Audio: Fighting disinformation in elections


Australia can learn from other nations who proactively fight disinformation and misinformation.

As the United States goes to the presidential polls amid claim and counterclaim of disinformation, misinformation and fake news, it's timely to ask how we can protect our democratic electoral processes from the same problem.

Researchers at the Australian Strategic Policy Institute (ASPI) have been looking how democracies can safeguard their elections from misinformation and disinformation and where Australia could do better in the future.

Sarah O'Connor, of ASPI, points to a common misunderstanding of the distinction between misinformation and disinformation. She describes disinformation as the intentional communication of information known to be false with the intention to influence or manipulate others; whereas misinformation is the retelling of information one believes to be true but is not. This is often how the misinformation is spread amongst families, friends and on social media.

In Australian politics, the 2016 Medi-scare and the 2019 "Labour will impose a death-tax" campaigns have been prominent examples of disinformation and misinformation working together, with one following the other.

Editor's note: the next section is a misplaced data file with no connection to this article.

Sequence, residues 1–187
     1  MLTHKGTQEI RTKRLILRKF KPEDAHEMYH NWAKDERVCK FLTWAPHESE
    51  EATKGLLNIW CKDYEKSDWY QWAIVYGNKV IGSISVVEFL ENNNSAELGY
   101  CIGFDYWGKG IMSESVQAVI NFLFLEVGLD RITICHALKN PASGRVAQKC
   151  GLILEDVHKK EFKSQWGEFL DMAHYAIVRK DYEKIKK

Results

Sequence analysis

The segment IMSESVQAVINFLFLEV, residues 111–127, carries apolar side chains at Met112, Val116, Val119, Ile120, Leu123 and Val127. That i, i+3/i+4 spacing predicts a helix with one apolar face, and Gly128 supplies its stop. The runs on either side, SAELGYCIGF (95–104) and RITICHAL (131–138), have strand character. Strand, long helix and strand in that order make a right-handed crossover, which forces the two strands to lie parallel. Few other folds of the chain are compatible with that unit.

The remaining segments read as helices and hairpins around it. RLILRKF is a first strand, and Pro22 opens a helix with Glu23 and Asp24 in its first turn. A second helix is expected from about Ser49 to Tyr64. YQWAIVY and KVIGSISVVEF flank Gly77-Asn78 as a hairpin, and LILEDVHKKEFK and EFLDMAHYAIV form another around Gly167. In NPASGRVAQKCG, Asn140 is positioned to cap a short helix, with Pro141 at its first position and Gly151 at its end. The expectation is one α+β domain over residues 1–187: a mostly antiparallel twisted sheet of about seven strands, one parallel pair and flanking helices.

In the US, in 2016, a tranche of Hillary Clinton's emails became a source of misinformation and disinformation that were used against then Democrat nominee and led to a damaging FBI investigation. Russia was widely believed to have played a part in the hack and release of the emails.

O'Connor compared media coverage of the Clinton server scandal to how the French dealt with a drop of 20,000 leaked emails from President Emmanuel Macron days before the 2017 French presidential election. Macron's campaign showed transparency and the French media covered the initial story of the hacking. Journalists and media outlets were then much more aware that information that came out of these emails could be part of an disinformation operation by a foreign power.

In the 2020 US presidential campaign, Republican proxies have again tried to push an email scandal focussed on the business dealings of Hunter Biden, the son of the Democrat presidential candidate Joe Biden. The unverified information has been treated with far greater scepticism and gained little traction outside the right-wing media's echo chamber.

Could it happen in Australia? In looking at our vulnerabilities, O'Connor said: "I think the biggest issue is that not a lot of Australians are aware of the actual threat and there isn't a lot of public messaging about being critical and curious about what you read."


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